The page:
0:26 Peter’s background and history with lipid research
Term used: Familial Hypercholesterolemia (“FH”) is a cluster of genetic abnormalities that result in high total or LDL cholesterol. If someone has Heterozygous Familial Hypercholesterolemia it means they got a copy of an FH gene from one parent only. If they have Homozygous Familial Hypercholesterolemia, they have a copy from both parents. Homozygous FH is considered more severe of the two.
6:20 For people who see their cholesterol rise on low carb, can Peter provide information on whether they should be concerned?
7:00 How big of a problem is heart disease in general?[
9:35 The physical progression of atherosclerosis[
11:54 Are the steps of atherosclerosis necessarily progressive? Can they be stopped or reversed?
16:15 The complexity of the lipid system – a long way to go to full understanding.[
17:20 The work of the Russian researcher Nikolai Anitschkow and what his rabbit study showed about the development of atherosclerosis
21:21 What does the research show regarding cholesterol level and heart disease outcomes/risk?
23:47 What does Peter say to the criticism that there can be possible cherry-picking for studies on cholesterol lowering and cardiovascular disease?
25:00 Thoughts on CETP Inhibitor trials – why did they fail? What does it mean?
Term used: CETP stands for Cholesterol Ester Transfer Protein. It is a protein which transfers cholesterol and triglycerides between the lipoproteins. There is a class of drugs which inhibits the actions of this protein, ultimately resulting in higher HDL-C and lower LDL-C.
29:30 Is LDL-C a causal factor in atherosclerosis?
33:05 Could there be other underlying problems with Familial Hypercholesterolemia other than high LDL?
Term used: CIMT stands for Carotid Intima-Media Thickness, it is an ultrasound that looks at the thickness of certain layers of the artery in the neck (the carotid). It is used as a measure of risk of heart disease, with thicker IMT being higher risk.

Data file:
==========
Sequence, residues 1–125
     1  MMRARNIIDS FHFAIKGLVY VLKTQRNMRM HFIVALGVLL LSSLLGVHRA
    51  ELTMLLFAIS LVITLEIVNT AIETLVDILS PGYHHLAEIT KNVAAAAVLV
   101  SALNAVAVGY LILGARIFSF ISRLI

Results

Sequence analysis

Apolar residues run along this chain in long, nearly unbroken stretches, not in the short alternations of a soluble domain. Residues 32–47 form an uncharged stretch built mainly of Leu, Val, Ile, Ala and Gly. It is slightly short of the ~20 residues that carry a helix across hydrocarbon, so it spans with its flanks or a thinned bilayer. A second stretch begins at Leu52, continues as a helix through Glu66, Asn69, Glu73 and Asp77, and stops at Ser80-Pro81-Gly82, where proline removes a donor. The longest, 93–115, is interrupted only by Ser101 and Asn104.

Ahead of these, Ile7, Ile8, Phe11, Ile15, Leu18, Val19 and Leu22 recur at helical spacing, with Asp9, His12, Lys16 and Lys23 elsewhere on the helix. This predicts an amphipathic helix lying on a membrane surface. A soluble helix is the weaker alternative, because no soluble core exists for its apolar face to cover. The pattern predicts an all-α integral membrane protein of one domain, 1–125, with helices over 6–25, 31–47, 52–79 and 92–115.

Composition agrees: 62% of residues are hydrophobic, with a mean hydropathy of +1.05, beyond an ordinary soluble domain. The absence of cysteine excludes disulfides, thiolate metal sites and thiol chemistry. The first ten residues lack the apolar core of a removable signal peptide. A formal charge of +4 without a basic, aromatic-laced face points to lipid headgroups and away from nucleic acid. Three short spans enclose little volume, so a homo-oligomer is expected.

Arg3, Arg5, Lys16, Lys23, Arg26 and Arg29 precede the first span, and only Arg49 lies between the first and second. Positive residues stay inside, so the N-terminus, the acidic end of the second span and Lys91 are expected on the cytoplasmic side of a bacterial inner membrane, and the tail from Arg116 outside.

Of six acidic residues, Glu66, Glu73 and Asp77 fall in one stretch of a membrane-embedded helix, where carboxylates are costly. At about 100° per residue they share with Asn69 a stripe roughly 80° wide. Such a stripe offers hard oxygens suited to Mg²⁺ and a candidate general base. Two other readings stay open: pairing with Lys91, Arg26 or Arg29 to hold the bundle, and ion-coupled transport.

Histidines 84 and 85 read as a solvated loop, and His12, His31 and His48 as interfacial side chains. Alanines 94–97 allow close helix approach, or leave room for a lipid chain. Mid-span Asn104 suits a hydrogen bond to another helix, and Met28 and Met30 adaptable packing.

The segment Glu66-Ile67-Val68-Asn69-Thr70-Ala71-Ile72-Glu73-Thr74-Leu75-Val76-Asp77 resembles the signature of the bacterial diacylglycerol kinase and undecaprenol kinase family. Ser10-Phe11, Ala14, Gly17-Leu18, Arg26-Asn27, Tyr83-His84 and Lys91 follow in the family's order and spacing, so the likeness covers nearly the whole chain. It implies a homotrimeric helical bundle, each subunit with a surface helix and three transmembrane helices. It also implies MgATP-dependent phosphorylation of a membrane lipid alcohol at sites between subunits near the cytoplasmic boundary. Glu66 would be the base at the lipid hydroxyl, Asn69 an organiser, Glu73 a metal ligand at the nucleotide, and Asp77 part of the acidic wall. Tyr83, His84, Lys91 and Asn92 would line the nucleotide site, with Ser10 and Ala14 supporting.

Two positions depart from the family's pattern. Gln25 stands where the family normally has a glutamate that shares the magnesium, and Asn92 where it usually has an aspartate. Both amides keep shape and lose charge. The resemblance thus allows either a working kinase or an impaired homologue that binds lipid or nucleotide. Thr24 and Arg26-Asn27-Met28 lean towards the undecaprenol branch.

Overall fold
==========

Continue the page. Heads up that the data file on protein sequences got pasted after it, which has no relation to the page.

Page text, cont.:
40:54 Caveat: The problems with CIMT measurements
43:16 Dave’s CIMT results – are they significant, and is there a danger of confirmation bias?
47:45 Comparing risk and context.
50:45 Could Lean Mass Hyper-responders be an example of paradoxical responders?
51:26 Case study – “Miss K.”[
57:04 Comparing treated versus untreated people who have Familial Hypercholesterolemia
1:04:03 Devil’s Advocate Intro
1:04:23 Are LDL particles, like macrophages, a part of the immune response? In addition is it possible that some of the association between LDL and atherosclerosis is due to this immune response?
Study mentioned: Epidemiologic studies of coronary heart disease and stroke in Japanese men living in Japan, Hawaii and California: prevalence of coronary and hypertensive heart disease and associated risk factors.
1:10:47 As more evidence emerges to stratify for this triad (high LDL-C, high HDL-C, and low triglycerides), do you likewise predict it will show lower risk for cardiovascular disease?
1:23:45 Many studies tout changes in risk for cardiovascular disease mortality, yet show no difference in all-cause mortality. Doesn’t this run the risk of misleading people to assume overall benefit where there is none?
1:32:30 Audience questions
1:32:42 Are there any CAC scan studies on people from before and after statin therapy?
Term used: CAC stands for Coronary Artery Calcification. It is a CT scan which looks for calcium in the arteries, the score is used as a risk marker for things like heart attack or all-cause mortality, with lower scores being better risk.
1:34:37 Does Peter know how to access databases to test the triad?
1:38:47 Does Peter have any thoughts on how young to start statin treatment in children with Familial Hypercholesterolemia? Is there any information on it interfering with growth, or adverse side effects?
1:44:04 Side effects and statins – is there a problem with using run ins?
1:49:42 Is the increase in residence time of LDL due to modification of the LDL (e.g. glycation, oxidation, etc).
1:50:40 Can LDL be present and not cause plaque?
1:51:31 What does Peter think about Vladimir Subbotin’s work, wherein he disputes that lipid deposition is the initiating factor for atherosclerosis, rather he states that excessive intimal hyperplasia is the initiating factor?
1:53:11 What about the impact on heart disease risk of genetic mutations which result in high LDL without affecting the cells ability to uptake lipids/lipoproteins (e.g. glycogen storage disease)?
2:01:18 Credits and Outro